A few years ago, two longtime clients, both owners of their own businesses, announced they were splitting up. But each wanted to retain Koprowski, director of financial planning at Delessert Financial Services in Waltham, Mass., as financial advisor during the divorce proceedings and after. So they set about the task of dividing their assets. Both operated their own companies and had retirement assets in their own names. They'd also set up a trust for the children. Result: dividing up their property was a snap.
“They were very rational people,” Koprowski says.
A 50/50 Proposition
With about half of all marriages breaking up, most advisors have some experience in wading through the financial morass of a divorce, and for those who have not, it's only a matter of time. Divorces are, obviously, fraught with the potential for tension and conflict for clients, forces that can destabilize a relationship with an advisor.
But it doesn't have to be that way. Surviving the experience depends on a variety of factors, some of which the advisor can control and others, like the bitterness of the breakup, that he can't. But handled right, divorces can be a new positive for the advisor: In most of the cases Koprowski has encountered, she's ended up keeping both exes in the fold after the split-up.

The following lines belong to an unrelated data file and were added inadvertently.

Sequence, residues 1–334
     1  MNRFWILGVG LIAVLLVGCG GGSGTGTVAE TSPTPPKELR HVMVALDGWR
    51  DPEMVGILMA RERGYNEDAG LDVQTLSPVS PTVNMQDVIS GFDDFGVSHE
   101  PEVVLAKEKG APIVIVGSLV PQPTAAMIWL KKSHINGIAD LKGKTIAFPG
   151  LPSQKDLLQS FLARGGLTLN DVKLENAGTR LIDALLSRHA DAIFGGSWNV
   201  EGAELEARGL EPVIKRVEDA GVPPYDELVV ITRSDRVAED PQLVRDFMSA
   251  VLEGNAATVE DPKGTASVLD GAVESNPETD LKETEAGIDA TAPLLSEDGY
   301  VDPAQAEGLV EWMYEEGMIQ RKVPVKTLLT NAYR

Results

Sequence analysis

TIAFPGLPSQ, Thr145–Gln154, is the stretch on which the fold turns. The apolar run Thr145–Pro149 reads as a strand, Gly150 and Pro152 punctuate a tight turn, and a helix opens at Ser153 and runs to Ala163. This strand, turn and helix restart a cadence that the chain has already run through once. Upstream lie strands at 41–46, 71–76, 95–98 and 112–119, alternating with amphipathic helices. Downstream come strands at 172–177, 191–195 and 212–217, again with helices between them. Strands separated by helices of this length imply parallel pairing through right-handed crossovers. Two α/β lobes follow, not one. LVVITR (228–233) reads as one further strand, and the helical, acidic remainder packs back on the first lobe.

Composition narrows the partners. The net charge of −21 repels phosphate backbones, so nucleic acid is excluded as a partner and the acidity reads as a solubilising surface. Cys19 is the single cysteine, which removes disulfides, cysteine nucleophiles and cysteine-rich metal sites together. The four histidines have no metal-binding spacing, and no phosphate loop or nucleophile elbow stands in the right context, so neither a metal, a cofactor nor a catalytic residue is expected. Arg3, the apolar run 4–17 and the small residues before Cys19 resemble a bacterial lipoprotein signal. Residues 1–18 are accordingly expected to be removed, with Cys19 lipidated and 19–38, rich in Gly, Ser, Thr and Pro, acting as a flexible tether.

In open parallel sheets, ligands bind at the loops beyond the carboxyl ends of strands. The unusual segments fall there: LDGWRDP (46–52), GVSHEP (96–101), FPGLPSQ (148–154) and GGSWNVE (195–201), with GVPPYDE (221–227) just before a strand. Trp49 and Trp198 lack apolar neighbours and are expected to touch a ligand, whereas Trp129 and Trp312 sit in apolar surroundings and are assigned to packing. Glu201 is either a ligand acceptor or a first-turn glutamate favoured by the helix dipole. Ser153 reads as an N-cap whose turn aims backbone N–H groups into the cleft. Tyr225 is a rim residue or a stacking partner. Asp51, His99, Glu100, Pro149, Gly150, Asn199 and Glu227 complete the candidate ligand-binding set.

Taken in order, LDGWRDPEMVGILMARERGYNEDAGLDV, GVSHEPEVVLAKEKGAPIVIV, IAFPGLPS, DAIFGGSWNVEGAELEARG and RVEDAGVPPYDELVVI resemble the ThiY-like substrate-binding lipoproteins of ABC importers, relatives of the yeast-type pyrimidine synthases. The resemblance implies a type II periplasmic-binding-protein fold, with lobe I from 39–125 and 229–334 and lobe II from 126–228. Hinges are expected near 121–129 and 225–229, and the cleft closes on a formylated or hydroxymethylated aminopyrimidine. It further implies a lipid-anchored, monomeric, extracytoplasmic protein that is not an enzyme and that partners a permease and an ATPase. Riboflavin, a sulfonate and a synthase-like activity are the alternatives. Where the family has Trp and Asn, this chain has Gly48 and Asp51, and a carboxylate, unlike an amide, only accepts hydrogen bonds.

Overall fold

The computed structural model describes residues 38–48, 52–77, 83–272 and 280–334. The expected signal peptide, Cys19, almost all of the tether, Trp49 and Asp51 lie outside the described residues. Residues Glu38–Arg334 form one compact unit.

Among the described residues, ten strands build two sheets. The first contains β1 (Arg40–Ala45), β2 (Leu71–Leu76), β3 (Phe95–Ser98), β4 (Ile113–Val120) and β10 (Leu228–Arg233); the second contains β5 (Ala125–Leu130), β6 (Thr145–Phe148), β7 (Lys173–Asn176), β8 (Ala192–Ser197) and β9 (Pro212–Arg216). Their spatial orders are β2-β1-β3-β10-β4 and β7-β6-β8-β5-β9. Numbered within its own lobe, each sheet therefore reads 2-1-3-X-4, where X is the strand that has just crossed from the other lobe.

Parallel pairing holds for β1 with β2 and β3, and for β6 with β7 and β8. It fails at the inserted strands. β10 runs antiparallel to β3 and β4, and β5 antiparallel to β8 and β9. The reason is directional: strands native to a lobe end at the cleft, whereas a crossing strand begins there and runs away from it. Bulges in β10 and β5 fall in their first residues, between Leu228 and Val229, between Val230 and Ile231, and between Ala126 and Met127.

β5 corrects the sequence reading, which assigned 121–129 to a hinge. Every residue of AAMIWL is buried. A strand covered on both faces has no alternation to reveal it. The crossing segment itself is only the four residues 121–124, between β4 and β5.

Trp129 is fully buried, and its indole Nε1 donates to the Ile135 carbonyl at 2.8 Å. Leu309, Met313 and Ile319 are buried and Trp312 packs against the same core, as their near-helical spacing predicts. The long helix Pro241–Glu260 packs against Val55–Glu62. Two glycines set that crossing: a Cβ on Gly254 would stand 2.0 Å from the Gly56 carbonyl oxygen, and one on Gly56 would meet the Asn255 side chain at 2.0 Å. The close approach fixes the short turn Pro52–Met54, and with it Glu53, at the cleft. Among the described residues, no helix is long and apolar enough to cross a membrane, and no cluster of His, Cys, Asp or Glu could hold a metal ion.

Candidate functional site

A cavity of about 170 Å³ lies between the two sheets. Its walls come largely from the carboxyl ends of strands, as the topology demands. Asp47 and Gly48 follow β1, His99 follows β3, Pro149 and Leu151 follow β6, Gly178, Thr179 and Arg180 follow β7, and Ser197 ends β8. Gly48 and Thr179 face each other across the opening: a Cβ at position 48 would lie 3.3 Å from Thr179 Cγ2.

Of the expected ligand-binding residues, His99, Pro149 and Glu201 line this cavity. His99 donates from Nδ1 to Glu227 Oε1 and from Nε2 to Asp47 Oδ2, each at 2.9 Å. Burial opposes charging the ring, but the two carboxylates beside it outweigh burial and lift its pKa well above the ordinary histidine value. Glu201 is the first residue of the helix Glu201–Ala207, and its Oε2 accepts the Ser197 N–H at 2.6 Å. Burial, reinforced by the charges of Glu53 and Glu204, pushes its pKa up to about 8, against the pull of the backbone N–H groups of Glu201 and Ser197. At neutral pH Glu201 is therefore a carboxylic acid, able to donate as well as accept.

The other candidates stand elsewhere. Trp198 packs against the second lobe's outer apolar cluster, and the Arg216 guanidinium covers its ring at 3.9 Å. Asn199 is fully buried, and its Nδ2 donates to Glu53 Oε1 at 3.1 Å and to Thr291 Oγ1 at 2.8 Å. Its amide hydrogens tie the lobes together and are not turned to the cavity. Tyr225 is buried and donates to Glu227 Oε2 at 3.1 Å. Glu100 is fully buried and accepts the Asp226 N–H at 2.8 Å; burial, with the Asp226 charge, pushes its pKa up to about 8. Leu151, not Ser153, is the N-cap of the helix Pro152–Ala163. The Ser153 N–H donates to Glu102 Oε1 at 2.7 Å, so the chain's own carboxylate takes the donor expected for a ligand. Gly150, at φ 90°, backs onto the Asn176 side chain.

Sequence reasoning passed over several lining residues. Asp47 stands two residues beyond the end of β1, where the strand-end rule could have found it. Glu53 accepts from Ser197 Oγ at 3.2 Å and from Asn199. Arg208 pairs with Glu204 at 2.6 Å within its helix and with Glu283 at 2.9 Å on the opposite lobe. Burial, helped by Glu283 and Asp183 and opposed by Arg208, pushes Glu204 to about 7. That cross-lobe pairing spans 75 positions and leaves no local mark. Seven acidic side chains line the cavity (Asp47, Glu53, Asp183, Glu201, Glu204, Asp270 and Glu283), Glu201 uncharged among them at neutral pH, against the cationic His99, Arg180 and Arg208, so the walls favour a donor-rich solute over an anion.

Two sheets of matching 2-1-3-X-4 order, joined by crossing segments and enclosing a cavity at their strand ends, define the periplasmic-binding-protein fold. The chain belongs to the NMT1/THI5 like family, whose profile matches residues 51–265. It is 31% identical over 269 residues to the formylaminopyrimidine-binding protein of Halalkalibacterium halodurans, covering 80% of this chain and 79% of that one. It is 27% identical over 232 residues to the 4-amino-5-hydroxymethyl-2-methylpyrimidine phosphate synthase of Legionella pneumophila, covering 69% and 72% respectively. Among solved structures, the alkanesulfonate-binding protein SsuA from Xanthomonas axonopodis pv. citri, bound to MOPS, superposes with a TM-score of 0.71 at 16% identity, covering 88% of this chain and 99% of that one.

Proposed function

There are a number of reasons why reps lose one or both clients. In some cases, the clients are afraid the advisor will share confidential financial information with their spouse. In others, the clients are following the recommendations of their attorneys, who have suggested hiring advisors closely aligned with the attorney's office. Sometimes it's because one spouse, often the husband, had more direct dealings with the rep.
“The husband may have made the investment decisions but the wife suddenly becomes angry about not being consulted and decides to leave,” says Kathleen Miller, an advisor with Miller Advisors in Kirkland, Wash., and the author of Fair Share Divorce for Women (Miller Advisors, 1995).
Or consider the experience of one financial advisor with a major brokerage firm. The only client who left his practice during a divorce was a wife who had been less involved in investment decisions than her husband and felt “that anyone connected to her husband was in his camp,” he says.
It isn't always the client providing the fuel for an advisor switch. According to Scott Downing, a divorce lawyer with the law firm of McCurley Orsinger McCurley Nelson & Downing, reps often do take sides — and they tend to go with the more affluent spouse.
“If the husband has the assets, he will expect the financial advisor to stay with him,” he says. “They go with the guy with more money.”
Bitter not Better
At the same time, if the breakup is highly acrimonious, advisors often have no choice but to step back from the business.
“The more bitter it is, the harder to keep both clients,” says Jolyon Gissell, a senior vice president at Morgan Stanley in Beverly Hills, Calif.